The story, which started on the  Sahara Reporters  website, quoted unnamed presidential sources saying that an advance party had already left for London before Mr Buhari decided to call off the visit. It added that the president's doctors would travel instead to Nigeria to administer treatment there. 

    Presidential spokesman Garba Shehu told the BBC: 

    Quote Message: "It is false news. We are not aware of the reported advance movements. The last time the president spoke about this, he said he would return to his doctors after some time. We are not aware that this has changed."

    Mr Buhari returned from London on 10 March, after taking seven weeks of medical leave in the UK for an undisclosed illness. 

    Read more: Buhari - I have never been so sick

  12. Zuma threatened with no-confidence vote

          South Africa's main opposition party Democratic Alliance (DA) leader Mmusi Maimane (C) reacts after leaving following the South African president speech for the 2017's State Of the Nation Address (SONA) at the Parliament in Cape Town on February 9, 2017.
    Image caption: Opposition leader Mmusi Maimane says the president is "reckless" with the economy

    South Africa's main opposition Democratic Alliance (DA) says it will bring a motion of no confidence against President Jacob Zuma in parliament for playing "Russian roulette" with the economy. 

    The DA's announcement came after the South African Communist Party (SACP), whose senior leaders serve in the government, confirmed that Mr Zuma had informed them that he planned to fire Finance Minister Pravin Gordhan. 

    DA leader Mmusi Maimane said in a statement :

    Quote Message: At a time when nine million South Africans are without work and our fragile economy requires leadership and clear policy direction, President Zuma continues to play "Russian roulette" with our economy and the future of our country."
    Quote Message: Parliament hired Jacob Zuma and parliament must now fire Jacob Zuma."

    The second biggest opposition party, the Economic Freedom Fighters, said it planned to take court action to force the parliamentary speaker to institute impeachment proceedings against Mr Zuma, who has been mired in a series of corruption scandals. 

    See earlier post for more details  

  13. The curious case of Kenya's missing education ceritificate

    There is a whirl of activity online at the moment as Kenyans make callouts to their old school mates to stand by them in case they are required to prove that they attended school and sat national examinations.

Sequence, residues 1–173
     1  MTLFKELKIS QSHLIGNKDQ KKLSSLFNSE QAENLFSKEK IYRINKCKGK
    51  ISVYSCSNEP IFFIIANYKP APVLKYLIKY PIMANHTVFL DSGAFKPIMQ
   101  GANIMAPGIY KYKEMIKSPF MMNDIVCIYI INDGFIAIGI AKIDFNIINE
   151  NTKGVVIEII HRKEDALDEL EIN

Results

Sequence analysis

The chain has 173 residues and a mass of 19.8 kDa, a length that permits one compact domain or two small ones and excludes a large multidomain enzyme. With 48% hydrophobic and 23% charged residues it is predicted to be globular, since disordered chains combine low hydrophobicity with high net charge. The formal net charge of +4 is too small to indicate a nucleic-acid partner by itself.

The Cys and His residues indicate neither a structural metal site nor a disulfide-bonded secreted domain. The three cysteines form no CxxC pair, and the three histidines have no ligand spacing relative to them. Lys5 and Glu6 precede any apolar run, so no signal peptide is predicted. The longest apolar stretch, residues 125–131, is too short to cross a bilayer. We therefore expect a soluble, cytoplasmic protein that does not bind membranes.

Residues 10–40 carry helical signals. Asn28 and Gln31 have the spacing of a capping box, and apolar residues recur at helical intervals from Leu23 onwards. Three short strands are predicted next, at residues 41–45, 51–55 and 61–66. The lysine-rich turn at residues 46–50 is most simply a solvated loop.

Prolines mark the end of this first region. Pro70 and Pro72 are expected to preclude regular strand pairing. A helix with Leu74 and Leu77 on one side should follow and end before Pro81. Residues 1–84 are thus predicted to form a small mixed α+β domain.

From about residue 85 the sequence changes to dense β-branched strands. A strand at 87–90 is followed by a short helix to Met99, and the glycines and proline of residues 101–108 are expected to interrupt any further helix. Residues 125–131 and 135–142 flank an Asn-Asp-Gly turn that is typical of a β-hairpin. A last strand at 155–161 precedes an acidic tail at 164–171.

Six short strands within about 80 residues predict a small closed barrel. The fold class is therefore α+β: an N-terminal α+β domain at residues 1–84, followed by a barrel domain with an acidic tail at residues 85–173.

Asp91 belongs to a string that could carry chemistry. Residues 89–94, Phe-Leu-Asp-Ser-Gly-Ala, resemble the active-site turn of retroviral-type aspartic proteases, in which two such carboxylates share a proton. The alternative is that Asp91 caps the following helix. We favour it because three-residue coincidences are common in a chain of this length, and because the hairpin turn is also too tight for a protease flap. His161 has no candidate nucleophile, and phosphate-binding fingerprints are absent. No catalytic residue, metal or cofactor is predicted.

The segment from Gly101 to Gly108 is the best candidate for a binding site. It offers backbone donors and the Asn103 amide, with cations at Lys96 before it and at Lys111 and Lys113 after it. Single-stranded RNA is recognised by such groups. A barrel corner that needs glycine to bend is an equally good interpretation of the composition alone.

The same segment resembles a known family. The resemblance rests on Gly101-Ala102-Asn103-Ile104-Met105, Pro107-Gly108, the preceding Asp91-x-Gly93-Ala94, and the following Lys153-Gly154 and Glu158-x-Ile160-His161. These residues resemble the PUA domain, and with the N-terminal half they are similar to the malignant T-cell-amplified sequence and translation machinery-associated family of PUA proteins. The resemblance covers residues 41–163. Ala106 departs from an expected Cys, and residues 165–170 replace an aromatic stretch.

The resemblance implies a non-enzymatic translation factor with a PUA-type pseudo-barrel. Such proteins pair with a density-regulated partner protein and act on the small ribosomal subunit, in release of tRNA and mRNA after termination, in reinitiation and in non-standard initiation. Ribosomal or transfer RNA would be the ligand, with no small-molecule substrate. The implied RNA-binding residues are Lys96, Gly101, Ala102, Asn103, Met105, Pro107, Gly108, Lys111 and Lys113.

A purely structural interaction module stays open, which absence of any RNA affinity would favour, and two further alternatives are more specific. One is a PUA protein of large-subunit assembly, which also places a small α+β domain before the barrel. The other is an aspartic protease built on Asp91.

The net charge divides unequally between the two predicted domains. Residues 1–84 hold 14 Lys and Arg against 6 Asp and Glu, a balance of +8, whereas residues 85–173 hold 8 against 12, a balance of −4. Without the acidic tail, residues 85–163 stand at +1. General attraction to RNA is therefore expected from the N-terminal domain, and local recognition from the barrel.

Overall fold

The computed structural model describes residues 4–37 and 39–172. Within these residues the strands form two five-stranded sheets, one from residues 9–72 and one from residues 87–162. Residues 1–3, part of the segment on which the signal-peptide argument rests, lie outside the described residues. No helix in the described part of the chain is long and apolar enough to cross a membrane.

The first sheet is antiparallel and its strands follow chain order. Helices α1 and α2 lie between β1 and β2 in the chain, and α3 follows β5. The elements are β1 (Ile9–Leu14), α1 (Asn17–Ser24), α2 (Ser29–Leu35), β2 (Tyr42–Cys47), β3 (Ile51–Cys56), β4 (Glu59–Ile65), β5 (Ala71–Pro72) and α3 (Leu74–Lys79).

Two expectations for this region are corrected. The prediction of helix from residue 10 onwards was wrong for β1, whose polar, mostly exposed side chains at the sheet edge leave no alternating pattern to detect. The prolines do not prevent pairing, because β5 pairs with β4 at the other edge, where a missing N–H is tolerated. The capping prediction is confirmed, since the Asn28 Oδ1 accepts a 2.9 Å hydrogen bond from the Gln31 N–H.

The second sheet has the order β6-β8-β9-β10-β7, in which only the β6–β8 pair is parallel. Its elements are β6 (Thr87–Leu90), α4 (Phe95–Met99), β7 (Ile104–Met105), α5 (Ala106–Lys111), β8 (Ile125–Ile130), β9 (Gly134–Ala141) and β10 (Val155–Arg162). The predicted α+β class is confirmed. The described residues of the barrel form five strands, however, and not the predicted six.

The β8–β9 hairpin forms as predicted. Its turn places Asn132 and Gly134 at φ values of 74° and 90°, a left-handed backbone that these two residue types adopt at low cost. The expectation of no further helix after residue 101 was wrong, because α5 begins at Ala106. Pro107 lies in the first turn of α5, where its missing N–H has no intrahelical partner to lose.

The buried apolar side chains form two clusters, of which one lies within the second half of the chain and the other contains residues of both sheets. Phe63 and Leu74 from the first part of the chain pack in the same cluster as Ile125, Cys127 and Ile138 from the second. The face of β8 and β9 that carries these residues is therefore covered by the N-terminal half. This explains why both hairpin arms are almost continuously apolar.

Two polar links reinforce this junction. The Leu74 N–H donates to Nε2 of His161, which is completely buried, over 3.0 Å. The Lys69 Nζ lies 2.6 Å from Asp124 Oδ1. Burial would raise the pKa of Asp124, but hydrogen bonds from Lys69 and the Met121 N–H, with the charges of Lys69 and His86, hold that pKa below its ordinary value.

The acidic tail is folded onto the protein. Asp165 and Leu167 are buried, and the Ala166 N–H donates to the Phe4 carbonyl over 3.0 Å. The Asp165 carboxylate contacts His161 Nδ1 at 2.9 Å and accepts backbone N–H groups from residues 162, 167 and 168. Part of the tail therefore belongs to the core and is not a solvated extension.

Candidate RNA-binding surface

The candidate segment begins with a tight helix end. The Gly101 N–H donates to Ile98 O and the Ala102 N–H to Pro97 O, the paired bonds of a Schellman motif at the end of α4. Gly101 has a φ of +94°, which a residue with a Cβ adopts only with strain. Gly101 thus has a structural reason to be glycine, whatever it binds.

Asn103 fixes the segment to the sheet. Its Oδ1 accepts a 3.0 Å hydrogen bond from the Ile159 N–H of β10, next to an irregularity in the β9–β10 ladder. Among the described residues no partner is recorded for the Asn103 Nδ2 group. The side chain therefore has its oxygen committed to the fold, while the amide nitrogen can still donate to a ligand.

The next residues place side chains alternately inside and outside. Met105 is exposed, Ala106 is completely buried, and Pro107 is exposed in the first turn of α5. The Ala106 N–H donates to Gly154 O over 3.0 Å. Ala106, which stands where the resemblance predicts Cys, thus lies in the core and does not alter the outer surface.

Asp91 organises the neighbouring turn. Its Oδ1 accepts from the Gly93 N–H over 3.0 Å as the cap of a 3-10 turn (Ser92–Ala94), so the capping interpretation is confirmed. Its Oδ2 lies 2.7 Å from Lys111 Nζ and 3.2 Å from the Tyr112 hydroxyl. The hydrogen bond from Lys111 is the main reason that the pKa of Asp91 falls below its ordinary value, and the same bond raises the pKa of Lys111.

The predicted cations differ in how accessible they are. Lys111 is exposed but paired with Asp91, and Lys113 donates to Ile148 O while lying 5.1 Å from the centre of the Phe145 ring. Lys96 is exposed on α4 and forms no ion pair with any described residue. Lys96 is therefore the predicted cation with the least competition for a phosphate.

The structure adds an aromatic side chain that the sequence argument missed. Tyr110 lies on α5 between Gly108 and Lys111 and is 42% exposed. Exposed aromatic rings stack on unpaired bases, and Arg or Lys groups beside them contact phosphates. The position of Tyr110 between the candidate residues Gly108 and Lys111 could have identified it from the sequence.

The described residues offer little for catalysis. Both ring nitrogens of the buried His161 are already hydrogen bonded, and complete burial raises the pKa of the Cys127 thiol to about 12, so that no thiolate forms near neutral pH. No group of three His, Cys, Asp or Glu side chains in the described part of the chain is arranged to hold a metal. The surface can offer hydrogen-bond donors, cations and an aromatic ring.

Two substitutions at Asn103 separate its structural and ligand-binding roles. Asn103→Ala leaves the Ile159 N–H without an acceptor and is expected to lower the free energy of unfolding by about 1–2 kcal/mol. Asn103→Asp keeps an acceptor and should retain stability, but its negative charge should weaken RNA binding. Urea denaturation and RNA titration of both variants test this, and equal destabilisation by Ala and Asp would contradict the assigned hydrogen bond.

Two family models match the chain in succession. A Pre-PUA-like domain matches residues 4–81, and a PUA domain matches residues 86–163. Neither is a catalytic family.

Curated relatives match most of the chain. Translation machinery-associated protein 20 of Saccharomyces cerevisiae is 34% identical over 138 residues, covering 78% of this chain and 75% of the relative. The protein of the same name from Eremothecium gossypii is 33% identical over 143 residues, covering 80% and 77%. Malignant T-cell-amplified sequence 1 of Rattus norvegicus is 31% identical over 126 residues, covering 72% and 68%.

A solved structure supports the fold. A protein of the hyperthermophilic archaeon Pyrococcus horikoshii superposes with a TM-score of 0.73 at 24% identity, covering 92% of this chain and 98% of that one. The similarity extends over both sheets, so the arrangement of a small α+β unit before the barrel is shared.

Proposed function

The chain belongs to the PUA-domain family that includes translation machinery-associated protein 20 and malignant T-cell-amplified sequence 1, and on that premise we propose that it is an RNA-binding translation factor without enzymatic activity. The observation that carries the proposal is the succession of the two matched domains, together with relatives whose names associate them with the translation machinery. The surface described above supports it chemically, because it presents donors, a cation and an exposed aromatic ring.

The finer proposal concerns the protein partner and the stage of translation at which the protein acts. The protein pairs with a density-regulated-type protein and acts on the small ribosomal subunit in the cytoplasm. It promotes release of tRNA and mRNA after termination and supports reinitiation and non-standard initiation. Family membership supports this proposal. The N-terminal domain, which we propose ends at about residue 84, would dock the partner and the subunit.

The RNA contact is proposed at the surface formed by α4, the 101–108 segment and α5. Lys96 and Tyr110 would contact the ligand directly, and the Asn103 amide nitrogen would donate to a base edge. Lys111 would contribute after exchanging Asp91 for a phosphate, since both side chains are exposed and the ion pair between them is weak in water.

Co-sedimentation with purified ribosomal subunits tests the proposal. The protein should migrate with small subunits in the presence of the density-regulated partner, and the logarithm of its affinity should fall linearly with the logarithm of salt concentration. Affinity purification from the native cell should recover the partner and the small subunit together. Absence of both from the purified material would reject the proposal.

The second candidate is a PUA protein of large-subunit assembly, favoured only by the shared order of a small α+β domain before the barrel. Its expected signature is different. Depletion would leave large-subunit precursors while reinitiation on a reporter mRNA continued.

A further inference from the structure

They are poking fun at the hot water in which the Governor of Mombasa, Ali Hassan Joho, finds himself at the moment. 

    Police are investigating whether Mr Joho forged his Kenya Certificate of Secondary Education (KCSE), as alleged by the Kenya National Examinations Council.

    He denies any wrongdoing but if these allegations are proven, Mr Joho could be in danger of criminal charges and could be stripped of the degrees he subsequently obtained at university.  

    Read full story

    Ali Hassan Joho
    Image caption: Mr Joho is seeking reelection as governor of the coastal city of Mombasa
  14. Famine-hit South Sudan needs 'humanitarian corridors'

    BBC World Service

          In this photo taken on Monday, March 20, 2017, mothers wait with their children to receive therapeutic milk to help combat the malnutrition their children are suffering from, at Al Sabbah Children"s Hospital in Juba, South Sudan.
    Image caption: Children have been affected by malnutrition in South Sudan

    The main South Sudanese rebel group, SPLM-In Opposition, is calling for humanitarian corridors to allow aid to get through to areas it controls. 

    Famine was declared in part of the country last month. The rebels and the United Nations have accused the government of restricting humanitarian access to rebel-controlled areas, a charge the authorities have denied. 

    The rebel group wants an intervention similar to Operation Lifeline Sudan, a huge cross-border aid programme that helped southern Sudanese during the war that led to independence from Sudan. 

    Read more: Why are there still famines?

  15. Zimbabwean 'thief caught in chimney'

    A man accused of attempting a robbery was stuck in a chimney at a youth centre in Zimbabwe for two days, before being rescued by a fire brigade crew and taken away by police, the state-owned Chronicle newspaper reports. 

    Andrea Zunga, 33, looked like a zombie from a South African soapie when he emerged from the chimney, it says. 

    Mr Zunga has not yet commented on the accusations against him. 

    The newspaper - as well as other outlets - have been tweeting photos of him:   

    View more on twitter
    View more on twitter
  16. Malema calls for Zuma's impeachment

    Milton Nkosi

    BBC Africa, Johannesburg